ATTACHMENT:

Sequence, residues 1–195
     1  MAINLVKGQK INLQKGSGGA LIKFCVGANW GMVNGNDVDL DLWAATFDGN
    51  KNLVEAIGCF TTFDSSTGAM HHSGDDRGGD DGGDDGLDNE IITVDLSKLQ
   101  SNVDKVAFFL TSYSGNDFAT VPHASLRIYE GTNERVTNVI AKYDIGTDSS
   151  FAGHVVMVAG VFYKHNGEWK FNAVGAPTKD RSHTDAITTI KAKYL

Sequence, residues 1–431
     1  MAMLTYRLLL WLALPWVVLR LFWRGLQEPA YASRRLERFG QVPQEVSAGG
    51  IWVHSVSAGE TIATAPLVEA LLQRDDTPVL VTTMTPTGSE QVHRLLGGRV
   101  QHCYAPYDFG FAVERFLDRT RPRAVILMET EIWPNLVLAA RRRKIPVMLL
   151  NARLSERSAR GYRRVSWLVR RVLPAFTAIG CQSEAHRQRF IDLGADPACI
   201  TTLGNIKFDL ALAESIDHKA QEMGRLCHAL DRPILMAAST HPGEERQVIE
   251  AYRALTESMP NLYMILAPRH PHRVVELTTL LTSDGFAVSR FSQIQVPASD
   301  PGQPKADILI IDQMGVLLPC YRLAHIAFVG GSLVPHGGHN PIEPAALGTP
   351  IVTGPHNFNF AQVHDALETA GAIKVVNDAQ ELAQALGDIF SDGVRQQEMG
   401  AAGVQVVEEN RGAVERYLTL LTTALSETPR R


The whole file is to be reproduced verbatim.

Sequence, residues 1–195
     1  MAINLVKGQK INLQKGSGGA LIKFCVGANW GMVNGNDVDL DLWAATFDGN
    51  KNLVEAIGCF TTFDSSTGAM HHSGDDRGGD DGGDDGLDNE IITVDLSKLQ
   101  SNVDKVAFFL TSYSGNDFAT VPHASLRIYE GTNERVTNVI AKYDIGTDSS
   151  FAGHVVMVAG VFYKHNGEWK FNAVGAPTKD RSHTDAITTI KAKYL

Sequence, residues 1–431
     1  MAMLTYRLLL WLALPWVVLR LFWRGLQEPA YASRRLERFG QVPQEVSAGG
    51  IWVHSVSAGE TIATAPLVEA LLQRDDTPVL VTTMTPTGSE QVHRLLGGRV
   101  QHCYAPYDFG FAVERFLDRT RPRAVILMET EIWPNLVLAA RRRKIPVMLL
   151  NARLSERSAR GYRRVSWLVR RVLPAFTAIG CQSEAHRQRF IDLGADPACI
   201  TTLGNIKFDL ALAESIDHKA QEMGRLCHAL DRPILMAAST HPGEERQVIE
   251  AYRALTESMP NLYMILAPRH PHRVVELTTL LTSDGFAVSR FSQIQVPASD
   301  PGQPKADILI IDQMGVLLPC YRLAHIAFVG GSLVPHGGHN PIEPAALGTP
   351  IVTGPHNFNF AQVHDALETA GAIKVVNDAQ ELAQALGDIF SDGVRQQEMG
   401  AAGVQVVEEN RGAVERYLTL LTTALSETPR R